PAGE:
As of launch, there’s only one game mode segregated into several maps offering different objectives for each match. Complicating things are the technical missteps that Predator: Hunting Grounds takes. Its inconsistent frame rate, dated visuals, and poorly-constructed AI feel like a precursor of a past generation.

Predator: Hunting Grounds Review — The Bottom Line

  • Invokes a sense of nostalgia 
  • When matched with the right players, it can create some fun matches
  • Dated gameplay and visuals
  • Poor AI that becomes a hindrance 
  • Balancing issues
  • Lack of content

When Predator first hit screens, it became a classic in its own right; a wide audience fell in love with its brutal action and cheesy one-liners. By comparison, Predator: Hunting Grounds feels like a failed experiment with the license.

It clearly tries to feel relevant in a modern setting, but launching with such a severe lack of content — or content that isn’t reasonably interesting in the first place — is a giant oversight. Underneath all the mess, there’s definitely an interesting concept to be found, but the question is whether Illfonic will support Hunting Grounds long enough to ultimately create something to stand the test of time.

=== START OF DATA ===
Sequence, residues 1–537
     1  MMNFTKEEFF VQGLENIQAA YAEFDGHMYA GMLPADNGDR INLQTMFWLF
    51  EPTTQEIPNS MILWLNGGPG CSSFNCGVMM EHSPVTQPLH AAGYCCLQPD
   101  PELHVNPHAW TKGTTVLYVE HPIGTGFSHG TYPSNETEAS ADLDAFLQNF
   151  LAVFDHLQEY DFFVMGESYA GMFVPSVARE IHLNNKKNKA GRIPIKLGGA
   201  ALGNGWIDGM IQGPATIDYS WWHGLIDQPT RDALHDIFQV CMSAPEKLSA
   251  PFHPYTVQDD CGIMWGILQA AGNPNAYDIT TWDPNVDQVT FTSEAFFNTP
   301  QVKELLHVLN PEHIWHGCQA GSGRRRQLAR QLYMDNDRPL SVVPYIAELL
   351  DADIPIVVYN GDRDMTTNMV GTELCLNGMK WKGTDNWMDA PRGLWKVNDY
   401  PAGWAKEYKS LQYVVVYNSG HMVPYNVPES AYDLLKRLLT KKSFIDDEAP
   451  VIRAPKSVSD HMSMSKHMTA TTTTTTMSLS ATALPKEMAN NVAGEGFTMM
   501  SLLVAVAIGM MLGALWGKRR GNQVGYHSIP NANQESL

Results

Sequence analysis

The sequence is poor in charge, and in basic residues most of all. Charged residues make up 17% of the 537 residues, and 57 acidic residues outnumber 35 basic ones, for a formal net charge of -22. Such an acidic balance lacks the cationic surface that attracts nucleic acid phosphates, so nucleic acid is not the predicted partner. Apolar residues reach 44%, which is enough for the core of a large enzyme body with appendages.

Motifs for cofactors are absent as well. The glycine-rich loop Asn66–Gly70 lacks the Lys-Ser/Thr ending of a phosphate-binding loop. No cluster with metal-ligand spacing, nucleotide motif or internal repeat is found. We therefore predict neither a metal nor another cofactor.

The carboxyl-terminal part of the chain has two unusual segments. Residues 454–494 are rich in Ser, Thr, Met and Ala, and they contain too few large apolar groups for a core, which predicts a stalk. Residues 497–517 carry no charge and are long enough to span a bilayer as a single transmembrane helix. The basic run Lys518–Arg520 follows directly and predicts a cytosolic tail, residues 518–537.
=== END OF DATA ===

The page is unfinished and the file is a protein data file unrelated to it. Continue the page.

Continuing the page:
As it stands, Predator: Hunting Grounds is nothing more than a hollow representation of the much-beloved franchise. It’s a game desperately trying to keep up with today’s trends of intricate leveling systems and loot-box rewards, but its gameplay and visuals hold it back years.

[Note: A copy of Predator: Hunting Grounds was provided by Sony for the purpose of this review.]

Predator: Hunting Grounds Review — If It Bleeds, We Can Kill It
Despite delivering on nostalgia, Predator: Hunting Grounds lacks the punch to make it stand out.